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Embedding magnetic layer in inductors is an attractive option for increasing inductance density, which is a critical issue for radiofrequency applications. In this work, a magnetostatic model for square spiral inductors incorporating a magnetic layer

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A New Analytical Model for Square Spiral Inductors Incorporating a Magnetic Layer
Cevdet Akyel
#1
, Slobodan Babic
#2
, Edvin Skaljo
#3
#
1
École Polytechnique
,
Département de Génie Électrique
, H3C 3A7, Montréal, Succ
.,
Centre-Ville, Québec, Canada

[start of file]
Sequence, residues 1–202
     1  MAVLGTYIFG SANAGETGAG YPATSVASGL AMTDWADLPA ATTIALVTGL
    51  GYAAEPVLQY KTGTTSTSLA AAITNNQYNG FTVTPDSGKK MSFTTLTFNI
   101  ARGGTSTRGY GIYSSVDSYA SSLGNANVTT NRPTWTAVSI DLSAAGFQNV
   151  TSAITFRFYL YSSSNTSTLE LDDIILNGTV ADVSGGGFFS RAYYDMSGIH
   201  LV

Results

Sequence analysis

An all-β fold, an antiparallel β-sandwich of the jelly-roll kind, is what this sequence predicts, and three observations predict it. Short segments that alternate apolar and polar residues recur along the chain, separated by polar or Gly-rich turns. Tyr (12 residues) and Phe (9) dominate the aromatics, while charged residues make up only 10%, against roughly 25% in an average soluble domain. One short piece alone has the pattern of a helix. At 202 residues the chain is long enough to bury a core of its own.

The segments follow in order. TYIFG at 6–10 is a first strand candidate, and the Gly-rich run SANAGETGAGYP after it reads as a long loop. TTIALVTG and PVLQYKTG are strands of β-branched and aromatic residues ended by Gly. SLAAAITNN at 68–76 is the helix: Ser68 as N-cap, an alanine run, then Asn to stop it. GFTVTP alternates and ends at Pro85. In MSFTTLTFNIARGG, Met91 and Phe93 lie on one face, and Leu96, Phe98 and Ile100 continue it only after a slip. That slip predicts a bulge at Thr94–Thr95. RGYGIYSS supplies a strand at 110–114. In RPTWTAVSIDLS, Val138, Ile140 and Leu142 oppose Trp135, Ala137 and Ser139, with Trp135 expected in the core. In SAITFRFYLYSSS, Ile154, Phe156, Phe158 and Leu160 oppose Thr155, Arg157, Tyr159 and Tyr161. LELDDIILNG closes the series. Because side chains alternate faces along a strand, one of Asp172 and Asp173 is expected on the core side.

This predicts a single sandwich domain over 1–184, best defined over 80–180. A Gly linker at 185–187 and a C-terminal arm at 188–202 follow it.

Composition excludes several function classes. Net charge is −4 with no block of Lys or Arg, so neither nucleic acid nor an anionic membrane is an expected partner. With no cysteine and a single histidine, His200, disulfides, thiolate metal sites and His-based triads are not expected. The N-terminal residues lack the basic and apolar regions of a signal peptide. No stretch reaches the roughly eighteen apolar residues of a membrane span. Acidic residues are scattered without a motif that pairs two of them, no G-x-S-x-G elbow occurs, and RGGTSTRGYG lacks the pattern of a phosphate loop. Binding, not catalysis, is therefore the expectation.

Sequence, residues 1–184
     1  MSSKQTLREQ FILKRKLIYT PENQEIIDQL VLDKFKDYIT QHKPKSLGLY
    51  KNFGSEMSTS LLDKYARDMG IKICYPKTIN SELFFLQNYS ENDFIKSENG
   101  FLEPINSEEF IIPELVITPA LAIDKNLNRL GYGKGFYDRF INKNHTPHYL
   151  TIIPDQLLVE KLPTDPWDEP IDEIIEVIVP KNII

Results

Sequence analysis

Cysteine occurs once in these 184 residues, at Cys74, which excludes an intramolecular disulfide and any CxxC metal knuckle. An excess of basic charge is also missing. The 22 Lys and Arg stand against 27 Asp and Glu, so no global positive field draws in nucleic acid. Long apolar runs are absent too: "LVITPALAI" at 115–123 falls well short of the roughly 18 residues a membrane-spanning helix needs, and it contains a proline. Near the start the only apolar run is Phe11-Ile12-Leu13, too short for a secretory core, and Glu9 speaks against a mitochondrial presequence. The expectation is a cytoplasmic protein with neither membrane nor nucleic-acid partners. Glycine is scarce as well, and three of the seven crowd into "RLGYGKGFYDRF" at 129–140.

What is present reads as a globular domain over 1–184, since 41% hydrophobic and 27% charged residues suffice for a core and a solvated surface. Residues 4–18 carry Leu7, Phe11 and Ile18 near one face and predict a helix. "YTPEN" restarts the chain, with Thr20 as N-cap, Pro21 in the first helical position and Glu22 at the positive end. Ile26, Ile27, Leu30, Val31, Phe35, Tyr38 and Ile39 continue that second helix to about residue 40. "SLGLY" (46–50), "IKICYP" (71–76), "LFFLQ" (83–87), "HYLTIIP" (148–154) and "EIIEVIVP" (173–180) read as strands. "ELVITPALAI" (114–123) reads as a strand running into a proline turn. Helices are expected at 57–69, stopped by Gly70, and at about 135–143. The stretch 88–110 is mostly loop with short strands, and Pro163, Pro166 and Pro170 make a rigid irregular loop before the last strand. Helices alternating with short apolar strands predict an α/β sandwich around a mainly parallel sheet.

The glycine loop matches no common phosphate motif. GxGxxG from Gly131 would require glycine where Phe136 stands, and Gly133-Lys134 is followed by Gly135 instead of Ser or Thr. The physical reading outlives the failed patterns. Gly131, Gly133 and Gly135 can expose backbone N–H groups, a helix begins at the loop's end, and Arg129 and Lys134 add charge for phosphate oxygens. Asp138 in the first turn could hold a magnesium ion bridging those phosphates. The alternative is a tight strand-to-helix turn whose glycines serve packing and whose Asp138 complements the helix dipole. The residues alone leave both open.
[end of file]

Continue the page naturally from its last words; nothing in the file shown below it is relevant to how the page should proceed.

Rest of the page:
#
2
École Polytechnique
,
Département de Génie Physique
, H3C 3A7, Montréal, Succ
.,
Centre-ville, Québec, Canada
#
3
BH Telecom
, Sarajevo, Zmaja od Bosne
88, Bosnia and Herzegovina
cevdet.akyel@polymtl.ca
,
slobodan.babic@polymtl.ca, skaljo@bhtelecom.ba
Abstract
— Embedding magnetic layer in inductors is an attractive option for increasing inductance density, which is a critical issue for radiofrequency applications. In this work, a magnetostatic model for square spiral inductors incorporating a magnetic layer is developed. This analytical model provides a fast and accurate calculation of inductance for integrated inductors with embedded magnetic layers either for regular cases or a singular case. In the presented model we replaced square spiral inductors with by square rings and we shown that this replacement gives accurately alike results. The results of the presented approach have been confirmed by already published data
.
Index Terms
— Inductors, inductance, magnetic layer, square spiral, rings.
I. I
NTRODUCTION